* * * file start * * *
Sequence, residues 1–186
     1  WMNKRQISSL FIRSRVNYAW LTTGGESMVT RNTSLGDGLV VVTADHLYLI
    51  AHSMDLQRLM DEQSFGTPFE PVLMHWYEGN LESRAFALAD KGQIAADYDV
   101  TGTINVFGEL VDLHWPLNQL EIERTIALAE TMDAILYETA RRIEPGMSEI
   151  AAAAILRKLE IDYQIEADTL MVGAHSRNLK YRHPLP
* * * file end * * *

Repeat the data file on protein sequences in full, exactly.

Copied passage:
Sequence, residues 1–186
     1  WMNKRQISSL FIRSRVNYAW LTTGGESMVT RNTSLGDGLV VVTADHLYLI
    51  AHSMDLQRLM DEQSFGTPFE PVLMHWYEGN LESRAFALAD KGQIAADYDV
   101  TGTINVFGEL VDLHWPLNQL EIERTIALAE TMDAILYETA RRIEPGMSEI
   151  AAAAILRKLE IDYQIEADTL MVGAHSRNLK YRHPLP